Interesting thing I'd never really considered

The latest “nails through the decking” had me wondering…

We see older houses with plank type decking & often have to do repairs to slats because of fractures as a result of the sap drying out & knots, however this isn’t really a concern with ‘true’ ply or OSB.

Since ply or OSB sheeting hasn’t really been the standard for more than about 30 years @ the most, my question is this:

Assuming that a roof deck has been fully stripped of felt on EVERY re-roofing, which we all know is very unlikely unless it’s required by code & completely inspected for this, @ What point would you consider it to have too many nails & the integrity of the deck to not properly hold any new nails?

Also, how many of y’all pull all & I do mean ALL of the old roofing nails & roofing staples? I know that my crew prefers to bang 'em flat whereas I’m more of a “pull what won’t require destroying the deck” kinda guy.

I guess that it’s going to be an issue for roofers in 100 years as to whether or not the plywood has been overshot with nails & not in our lifetimes (unless medical science has found a way to keep us alive for a lot longer than we already are).

I think all of the trades through the years have to deal with the changes in the codes. Do you think a roofer thought years ago when they put on the 1X6s that we would have to resheet them? You’re ahead of your time RHR !!!
I think the changes will happen forever as things improve. But what you say about the sheeting is probably nothing we will have to worry about in our roofing careers.

FWIW, I make the guys pull all the nails on the tearoffs. Usually our tearoff tools get them all, but sometimes we ned to go back and get the loners. I do let them pound in the little nails on the cedar tearoffs though.

As far as busting strip decking goes,handnailing shingles is by far worse on breakage.Nailguns seem to shoot the nail in with ease Vs.pounding on the decking with a roofing hatchet.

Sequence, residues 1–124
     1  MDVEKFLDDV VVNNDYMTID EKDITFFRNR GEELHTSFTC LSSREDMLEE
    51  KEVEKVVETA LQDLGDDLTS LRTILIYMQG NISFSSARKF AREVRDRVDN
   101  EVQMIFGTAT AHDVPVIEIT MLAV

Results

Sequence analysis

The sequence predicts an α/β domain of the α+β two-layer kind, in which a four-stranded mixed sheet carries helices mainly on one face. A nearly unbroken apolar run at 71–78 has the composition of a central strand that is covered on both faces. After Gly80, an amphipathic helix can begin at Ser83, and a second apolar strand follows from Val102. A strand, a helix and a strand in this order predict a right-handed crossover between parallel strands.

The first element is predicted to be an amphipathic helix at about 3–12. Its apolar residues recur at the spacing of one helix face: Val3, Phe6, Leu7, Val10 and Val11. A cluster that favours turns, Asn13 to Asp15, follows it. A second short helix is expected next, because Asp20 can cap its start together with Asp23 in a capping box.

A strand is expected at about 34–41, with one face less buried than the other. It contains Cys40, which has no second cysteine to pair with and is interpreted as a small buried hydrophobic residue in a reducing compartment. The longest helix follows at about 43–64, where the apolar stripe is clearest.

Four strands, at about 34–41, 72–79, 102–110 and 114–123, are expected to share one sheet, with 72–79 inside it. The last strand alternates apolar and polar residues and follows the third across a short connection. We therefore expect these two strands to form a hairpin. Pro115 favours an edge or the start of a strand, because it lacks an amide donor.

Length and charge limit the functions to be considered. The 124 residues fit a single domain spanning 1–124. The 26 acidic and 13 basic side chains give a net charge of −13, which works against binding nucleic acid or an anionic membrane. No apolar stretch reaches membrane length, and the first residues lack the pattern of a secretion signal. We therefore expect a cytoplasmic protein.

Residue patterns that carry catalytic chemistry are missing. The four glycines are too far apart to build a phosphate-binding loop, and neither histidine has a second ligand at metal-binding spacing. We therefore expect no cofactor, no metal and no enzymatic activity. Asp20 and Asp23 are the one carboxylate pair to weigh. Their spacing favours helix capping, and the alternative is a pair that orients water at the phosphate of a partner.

Since most shingles are started off at the same edge everytime a house is roofed ,the nails will be close to the same exact pattern .Eventually it will cause the plywood to weaken and a different pattern will have to be used.More nails going back in the same holes means more nails backing through the shingles.

I always pull the nails sticking up and if they have roofing materials under them.I have found that some of the nails that are driven back down tend to back out through the shingle.Even decking nails that are sticking up need to be pulled instead of driven back in the same hole.

I’d say after a roof deck has had three layers, or three single layers it’s time for a redeck.

Consider this, the nail holes for each layer will be in fairly close proximity to each other becuase you can’t adjust the first course far enough.

If the roof deck has had 3 layers that’s approximately 972 nail holes per square.

Heres the math.
27 shingles per bundle
4 nails per shingle
3 bundles per square

324*3=972 = Redeck! = )

Most older roofs are at a 5" exposure, so when you put new 5 5/8" exposure shingle on, the nails holes won’t line up.

That is a good question Ranch.
it will be interesting to see what the engineers have to say about it.

About pulling vs pounding nails.
I let my men do it either way unless otherwise specified.
Myself, I pull them.
It seems like that is all I do all day during tear off…

Yeah didn’t really give that enough thought. Was trying to make it out of the house this mornig. hehe

But it’s still alot of holes! The reason for my position though it because I get insurance companies to pay for redecks if there’s been 3 or more layers on the roof.

Ridge, Ax… wildcards to consider are the first shingles ever installed were racked & subsequent roofs were NOT.

Also, what about staples for @ least 1 out of 3 full roofing jobs.

That oughta screw up Ridgewalker’s math a bit. How many holes do you have now?


Staples seemed to leave only a pinhole compared to roofing nails that leave larger holes and often split the decking trying to remove them.

Staples are no longer used (that I know of)for nailing shingles.However,mobile homes may still use them.

I still run into a lot of newer roofs that have staples,but only in areas near a moble home manufactuering plant.